Internet.org doesn’t just want to make access to the mobile internet cheap in the developing world. It wants to make baseline connectivity free, Facebook’s Mark Zuckerberg said at Mobile World Congress on Monday.
Zuckerberg isn’t talking about giving away video and other high-bandwidth services. Rather, he means opening up a set of core services such as a messaging, social networking and search. Those basic tools are not only enormously useful, but they act as what Zuckerberg called an “on-ramp to the internet” for people who have never opened a web browser before.
As Zuckerberg sees it, there are two big obstacles to connecting the world’s billions of unconnected: the cost of data plan and basic internet literacy. Not only is the cost of data prohibitive in countries where average income is a fraction of income in the west, but even those who could afford a data plan don’t see its value. “We’re really not on a path to getting everyone connected unless something drastic changes,” Zuckerberg said.
Internet.org proposes to use Facebook, Facebook Messenger and basic information apps like weather services and Wikipedia as a kind of collective AOL for the third world. As customers use those services those services, they’ll see the benefits of mobile data connectivity, graduate to other apps and content and eventually start subscribing to paid data plans, Zuckerberg said.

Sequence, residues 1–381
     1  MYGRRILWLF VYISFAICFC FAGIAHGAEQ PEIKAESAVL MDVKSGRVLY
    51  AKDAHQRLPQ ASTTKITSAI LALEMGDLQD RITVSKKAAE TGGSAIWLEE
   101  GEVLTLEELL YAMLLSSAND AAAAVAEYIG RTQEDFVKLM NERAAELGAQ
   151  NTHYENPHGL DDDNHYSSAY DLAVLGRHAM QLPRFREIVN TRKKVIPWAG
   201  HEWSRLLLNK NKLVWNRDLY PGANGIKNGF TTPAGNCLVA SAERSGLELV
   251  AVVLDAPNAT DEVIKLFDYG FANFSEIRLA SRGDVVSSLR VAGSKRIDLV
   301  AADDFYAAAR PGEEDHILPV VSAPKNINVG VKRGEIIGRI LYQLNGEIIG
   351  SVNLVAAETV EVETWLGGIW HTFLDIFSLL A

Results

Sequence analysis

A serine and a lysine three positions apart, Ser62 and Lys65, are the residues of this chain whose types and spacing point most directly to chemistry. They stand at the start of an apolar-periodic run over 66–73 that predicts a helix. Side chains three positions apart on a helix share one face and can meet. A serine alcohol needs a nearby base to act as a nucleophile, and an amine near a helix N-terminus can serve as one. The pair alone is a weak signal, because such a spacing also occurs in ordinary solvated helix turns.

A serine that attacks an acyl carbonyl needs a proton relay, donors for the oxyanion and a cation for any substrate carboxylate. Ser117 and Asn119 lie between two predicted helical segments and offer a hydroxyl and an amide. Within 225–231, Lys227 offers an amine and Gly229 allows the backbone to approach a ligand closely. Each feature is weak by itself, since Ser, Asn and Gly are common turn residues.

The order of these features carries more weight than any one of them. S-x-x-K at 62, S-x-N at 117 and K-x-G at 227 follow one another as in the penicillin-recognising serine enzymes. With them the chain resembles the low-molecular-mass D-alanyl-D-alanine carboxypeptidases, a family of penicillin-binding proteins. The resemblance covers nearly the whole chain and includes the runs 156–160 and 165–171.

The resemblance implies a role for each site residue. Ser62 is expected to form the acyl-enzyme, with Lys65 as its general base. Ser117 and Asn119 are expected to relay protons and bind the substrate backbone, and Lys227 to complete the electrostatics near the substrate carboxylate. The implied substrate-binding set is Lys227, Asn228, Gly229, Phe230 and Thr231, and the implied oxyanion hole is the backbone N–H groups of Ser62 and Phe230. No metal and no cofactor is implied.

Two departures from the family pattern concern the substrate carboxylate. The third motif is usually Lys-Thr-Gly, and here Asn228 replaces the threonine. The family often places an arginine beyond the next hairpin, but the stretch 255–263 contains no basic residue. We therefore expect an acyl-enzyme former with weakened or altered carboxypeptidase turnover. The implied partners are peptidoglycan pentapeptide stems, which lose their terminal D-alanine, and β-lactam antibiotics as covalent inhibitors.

“It shows people why it’s rational and good for them to spend the limited money they have on access to the internet,” he said.
The key to that strategy are the carriers, who essentially need to subsidize their customers’ data plans with the expectation they’ll be rewarded with more data revenues in the future. Facebook is conducting trials with two carriers, Globe in the Philippines and Tigo in Paraguay, and both carriers have at least doubled the number of their customers using mobile data services. As long as carriers take the long view, they will be profitable, Zuckerberg said.
When asked about Facebook profiting from the arrangement, Zuckerberg dismissed the question, saying revenue growth wasn’t the goal of Internet.org or even feasible in the near term. The mobile advertising market is so underdeveloped in the countries Internet.org targets that Facebook couldn’t make any money if I wanted to. “We’re going to lose money on this for quite a while,” Zuckerberg said.